New Orleans electric utility confirms people were paid to support its power plant

Power plant critics question how Entergy could not have known of PR firm's astroturf tactics.


A public relations firm, with a long history of using questionable tactics in its campaigns for energy industry clients, hired local actors to show support for a controversial natural gas power plant proposed by Entergy New Orleans LLC, according to an internal investigation conducted by the electric utility company.

Entergy entered into a contract with The Hawthorn Group L.C., a public relations firm based in Alexandria, Virginia, to assist with organizing local grassroots support for the New Orleans power plant. As part of its work for Entergy, the public relations firm hired people to attend New Orleans City Council meetings in recent months where they held signs and spoke during public comment periods in support of the company’s proposed power plant.

In a report released Thursday, Entergy asserted that “no one at Entergy paid anyone to attend or speak at any council meeting, nor did anyone at Entergy direct or authorize any contractor or subcontractor to pay anyone to attend or speak at the October or February council meetings or any other meeting related to NOPS [New Orleans Power Station].”

Rather, the actions of the Hawthorn Group, which subcontracted out work to Crowds on Demand, were taken “without Entergy’s knowledge or approval,” the company said. As a result of Hawthorn’s actions, Entergy said it has ended its contractual relationship with the public relations firm.


In a statement provided to ThinkProgress, the Hawthorn Group said Friday that “paying participants was not requested or authorized by our client or by Hawthorn. Clearly, there was a misunderstanding, which we deeply regret.” The firm declined further comment or to say who it believes approved the payments to participants at the public meetings.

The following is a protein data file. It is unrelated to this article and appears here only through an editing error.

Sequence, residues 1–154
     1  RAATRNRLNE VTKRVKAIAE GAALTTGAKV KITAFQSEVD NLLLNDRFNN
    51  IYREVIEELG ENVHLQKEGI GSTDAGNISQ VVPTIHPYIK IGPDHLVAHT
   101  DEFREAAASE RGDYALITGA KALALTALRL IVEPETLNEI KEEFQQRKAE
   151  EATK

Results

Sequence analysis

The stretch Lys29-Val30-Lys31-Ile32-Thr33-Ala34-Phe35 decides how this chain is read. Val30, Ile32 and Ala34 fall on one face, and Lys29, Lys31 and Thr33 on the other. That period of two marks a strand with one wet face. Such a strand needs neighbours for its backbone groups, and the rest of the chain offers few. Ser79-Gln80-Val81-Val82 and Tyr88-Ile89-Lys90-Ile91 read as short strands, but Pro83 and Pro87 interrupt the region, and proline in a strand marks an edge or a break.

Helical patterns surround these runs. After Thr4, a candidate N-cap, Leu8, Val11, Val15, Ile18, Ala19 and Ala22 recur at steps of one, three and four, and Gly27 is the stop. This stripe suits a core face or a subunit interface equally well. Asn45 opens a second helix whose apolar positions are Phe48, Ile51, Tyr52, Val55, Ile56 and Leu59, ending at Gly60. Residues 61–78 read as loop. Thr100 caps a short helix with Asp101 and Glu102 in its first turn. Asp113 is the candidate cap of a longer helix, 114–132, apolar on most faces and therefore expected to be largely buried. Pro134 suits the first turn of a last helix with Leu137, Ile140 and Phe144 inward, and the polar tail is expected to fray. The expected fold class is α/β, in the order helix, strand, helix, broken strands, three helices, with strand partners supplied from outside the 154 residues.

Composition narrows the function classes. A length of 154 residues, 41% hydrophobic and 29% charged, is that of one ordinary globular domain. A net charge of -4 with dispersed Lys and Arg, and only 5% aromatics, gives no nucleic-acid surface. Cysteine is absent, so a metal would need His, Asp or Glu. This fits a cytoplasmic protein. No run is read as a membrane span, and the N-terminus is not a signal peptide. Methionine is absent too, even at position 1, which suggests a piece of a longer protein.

The Hawthorn Group has a history of using “astroturf” operations in attempts to manufacture the appearance of popular support for a utility company’s position where none exists, according to the Energy & Policy Institute, a utility watchdog organization.

The Energy & Policy Institute, for example, found that the Edison Electric Institute (EEI), the nation’s leading investor-owned utility trade association, paid the Hawthorn Group $3 million in 2016 for “consulting” services.

The Hawthorn Group “conducted a wide-ranging public opinion research and analysis project for EEI” in 2016, Brian Reil, a spokesperson for the utility trade group, said in an email to ThinkProgress. “We were not involved in any of the activities in Louisiana and do not support these types of tactics,” he added.

Paying real people to attend meetings, protests, and campaign events or appear in advertisements remains a go-to practice for energy companies. Known as astroturfing, this is the longtime corporate practice of funding initiatives that mimic grassroots support for an issue.

In 2009, the Hawthorn Group used a subcontractor, Bonner & Associates, that allegedly ended up forging letters from minority groups as part of a lobbying effort against legislation legislative efforts in Congress to cap carbon dioxide emissions.